position example

This position stuff might make a little more sense in a practical example. Below is a realistic page layout.

.container {
  position: relative;
}
nav {
  position: absolute;
  left: 0px;
  width: 200px;
}
section {
  /* position is static by default */
  margin-left: 200px;
}
footer {
  position: fixed;
  bottom: 0;
  left: 0;
  height: 70px;
  background-color: white;
  width: 100%;
}
body {
  margin-bottom: 120px;
}
<div class="container">
<section>

The margin-left style for sections makes sure there is room for the nav. Otherwise the absolute and static elements would overlap

</section>
<section>

Lorem ipsum dolor sit amet, consectetur adipiscing elit. Phasellus imperdiet, nulla et dictum interdum, nisi lorem egestas odio, vitae scelerisque enim ligula venenatis dolor. Maecenas nisl est, ultrices nec congue eget, auctor vitae massa. Fusce luctus vestibulum augue ut aliquet. Mauris ante ligula, facilisis sed ornare eu, lobortis in odio. Praesent convallis urna a lacus interdum ut hendrerit risus congue. Nunc sagittis dictum nisi, sed ullamcorper ipsum dignissim ac. In at libero sed nunc venenatis imperdiet sed ornare turpis. Donec vitae dui eget tellus gravida venenatis. Integer fringilla congue eros non fermentum. Sed dapibus pulvinar nibh tempor porta. Cras ac leo purus. Mauris quis diam velit.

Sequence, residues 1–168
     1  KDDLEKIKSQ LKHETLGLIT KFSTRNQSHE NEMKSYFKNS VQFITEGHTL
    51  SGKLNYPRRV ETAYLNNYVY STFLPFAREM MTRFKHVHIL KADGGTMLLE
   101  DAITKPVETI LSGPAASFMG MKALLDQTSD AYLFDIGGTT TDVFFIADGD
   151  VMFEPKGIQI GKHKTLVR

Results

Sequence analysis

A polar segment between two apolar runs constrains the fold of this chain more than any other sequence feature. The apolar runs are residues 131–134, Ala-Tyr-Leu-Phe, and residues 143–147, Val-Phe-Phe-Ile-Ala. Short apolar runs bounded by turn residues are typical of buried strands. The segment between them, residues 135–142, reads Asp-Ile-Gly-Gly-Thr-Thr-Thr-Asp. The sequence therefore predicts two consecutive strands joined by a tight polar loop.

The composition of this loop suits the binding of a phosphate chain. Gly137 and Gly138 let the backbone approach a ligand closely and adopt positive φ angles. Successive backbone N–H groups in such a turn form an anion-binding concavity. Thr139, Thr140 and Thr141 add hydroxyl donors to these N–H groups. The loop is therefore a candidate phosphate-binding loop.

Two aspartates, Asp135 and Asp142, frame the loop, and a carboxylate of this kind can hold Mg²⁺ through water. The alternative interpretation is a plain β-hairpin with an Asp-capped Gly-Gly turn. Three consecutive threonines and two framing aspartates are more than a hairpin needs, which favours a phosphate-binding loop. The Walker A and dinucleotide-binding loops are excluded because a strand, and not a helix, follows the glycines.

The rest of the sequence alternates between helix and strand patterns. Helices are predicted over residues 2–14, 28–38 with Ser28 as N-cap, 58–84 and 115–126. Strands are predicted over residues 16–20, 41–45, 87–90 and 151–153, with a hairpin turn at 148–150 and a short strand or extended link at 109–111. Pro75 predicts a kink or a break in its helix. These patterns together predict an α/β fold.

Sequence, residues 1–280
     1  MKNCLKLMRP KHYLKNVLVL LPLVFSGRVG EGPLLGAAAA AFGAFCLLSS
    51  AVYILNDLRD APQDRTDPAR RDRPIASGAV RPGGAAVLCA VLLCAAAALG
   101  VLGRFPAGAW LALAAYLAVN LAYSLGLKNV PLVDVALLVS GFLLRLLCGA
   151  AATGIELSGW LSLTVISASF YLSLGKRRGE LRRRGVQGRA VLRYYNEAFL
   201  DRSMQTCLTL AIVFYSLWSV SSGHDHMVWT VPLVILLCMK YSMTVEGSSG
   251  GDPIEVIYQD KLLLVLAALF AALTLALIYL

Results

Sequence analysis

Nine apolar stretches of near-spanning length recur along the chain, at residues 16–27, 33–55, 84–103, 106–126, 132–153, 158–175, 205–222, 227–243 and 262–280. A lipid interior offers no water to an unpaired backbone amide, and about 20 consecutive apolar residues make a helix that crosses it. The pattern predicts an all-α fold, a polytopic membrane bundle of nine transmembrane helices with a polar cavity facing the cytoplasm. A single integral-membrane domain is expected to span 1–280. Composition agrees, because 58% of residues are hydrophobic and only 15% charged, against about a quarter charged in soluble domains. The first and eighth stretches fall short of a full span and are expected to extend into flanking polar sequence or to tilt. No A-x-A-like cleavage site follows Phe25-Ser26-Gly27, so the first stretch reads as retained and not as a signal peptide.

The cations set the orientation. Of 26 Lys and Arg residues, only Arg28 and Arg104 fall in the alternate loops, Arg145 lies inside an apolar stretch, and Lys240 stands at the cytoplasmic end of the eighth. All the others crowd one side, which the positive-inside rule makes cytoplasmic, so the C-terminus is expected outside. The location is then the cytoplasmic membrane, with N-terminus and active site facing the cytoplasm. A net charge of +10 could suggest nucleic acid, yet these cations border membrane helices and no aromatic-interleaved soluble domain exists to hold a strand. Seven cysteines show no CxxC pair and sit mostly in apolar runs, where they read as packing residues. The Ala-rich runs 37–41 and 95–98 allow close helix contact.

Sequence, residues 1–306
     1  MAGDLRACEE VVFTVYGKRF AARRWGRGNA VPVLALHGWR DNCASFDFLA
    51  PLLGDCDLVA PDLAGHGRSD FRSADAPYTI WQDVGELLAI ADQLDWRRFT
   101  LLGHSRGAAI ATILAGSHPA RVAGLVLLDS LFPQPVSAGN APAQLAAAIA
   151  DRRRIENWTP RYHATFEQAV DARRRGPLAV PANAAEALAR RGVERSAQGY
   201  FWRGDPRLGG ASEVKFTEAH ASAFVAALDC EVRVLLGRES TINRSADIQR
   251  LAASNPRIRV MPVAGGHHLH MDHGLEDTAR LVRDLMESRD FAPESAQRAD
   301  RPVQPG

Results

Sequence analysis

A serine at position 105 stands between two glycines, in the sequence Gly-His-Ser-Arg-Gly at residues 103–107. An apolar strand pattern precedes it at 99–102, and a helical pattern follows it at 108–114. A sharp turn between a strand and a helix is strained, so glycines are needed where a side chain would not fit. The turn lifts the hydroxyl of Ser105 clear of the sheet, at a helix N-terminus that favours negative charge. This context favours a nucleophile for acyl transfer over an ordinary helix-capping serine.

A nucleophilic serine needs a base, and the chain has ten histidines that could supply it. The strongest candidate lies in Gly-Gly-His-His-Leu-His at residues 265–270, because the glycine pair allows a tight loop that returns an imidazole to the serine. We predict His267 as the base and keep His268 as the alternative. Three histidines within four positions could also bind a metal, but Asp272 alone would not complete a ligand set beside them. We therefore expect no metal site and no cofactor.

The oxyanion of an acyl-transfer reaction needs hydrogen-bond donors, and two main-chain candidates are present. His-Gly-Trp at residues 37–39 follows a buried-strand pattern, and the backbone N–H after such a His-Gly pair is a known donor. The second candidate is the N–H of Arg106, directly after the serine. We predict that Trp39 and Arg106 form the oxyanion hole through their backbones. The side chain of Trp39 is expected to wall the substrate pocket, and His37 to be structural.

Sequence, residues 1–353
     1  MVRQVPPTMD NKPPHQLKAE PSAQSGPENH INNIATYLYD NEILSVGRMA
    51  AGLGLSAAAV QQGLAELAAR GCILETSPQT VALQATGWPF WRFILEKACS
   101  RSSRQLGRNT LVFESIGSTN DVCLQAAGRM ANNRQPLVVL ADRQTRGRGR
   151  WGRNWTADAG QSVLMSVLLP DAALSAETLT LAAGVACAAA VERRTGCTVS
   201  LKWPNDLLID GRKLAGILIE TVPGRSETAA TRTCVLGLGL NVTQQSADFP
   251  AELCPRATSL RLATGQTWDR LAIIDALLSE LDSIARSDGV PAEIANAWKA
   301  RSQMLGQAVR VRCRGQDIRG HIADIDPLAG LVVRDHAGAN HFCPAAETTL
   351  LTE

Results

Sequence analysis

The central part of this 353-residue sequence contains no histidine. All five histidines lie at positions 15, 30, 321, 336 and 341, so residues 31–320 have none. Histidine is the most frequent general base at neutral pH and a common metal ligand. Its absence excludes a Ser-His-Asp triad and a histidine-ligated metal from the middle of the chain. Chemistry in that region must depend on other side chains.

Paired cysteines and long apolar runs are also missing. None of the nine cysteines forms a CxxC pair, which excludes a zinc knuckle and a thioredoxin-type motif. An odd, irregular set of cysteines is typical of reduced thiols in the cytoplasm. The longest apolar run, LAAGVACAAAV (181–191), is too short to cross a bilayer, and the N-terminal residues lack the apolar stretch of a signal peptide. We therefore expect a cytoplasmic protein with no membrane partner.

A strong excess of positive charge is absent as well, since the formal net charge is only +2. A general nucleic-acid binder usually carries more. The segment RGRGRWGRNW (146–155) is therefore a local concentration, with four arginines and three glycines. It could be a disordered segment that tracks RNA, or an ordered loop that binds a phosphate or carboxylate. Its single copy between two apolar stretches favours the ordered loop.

</section>
<section>

Notice what happens when you resize your browser. It works nicely!

</section>
<footer>

If you use a fixed header or footer, make sure there is room for it! I put a margin-bottom on the body.

</footer>

This example works because the container is taller than the nav. If it wasn't, the nav would overflow outside of its container. In the coming pages we'll discuss other layout techniques that have different pros and cons.

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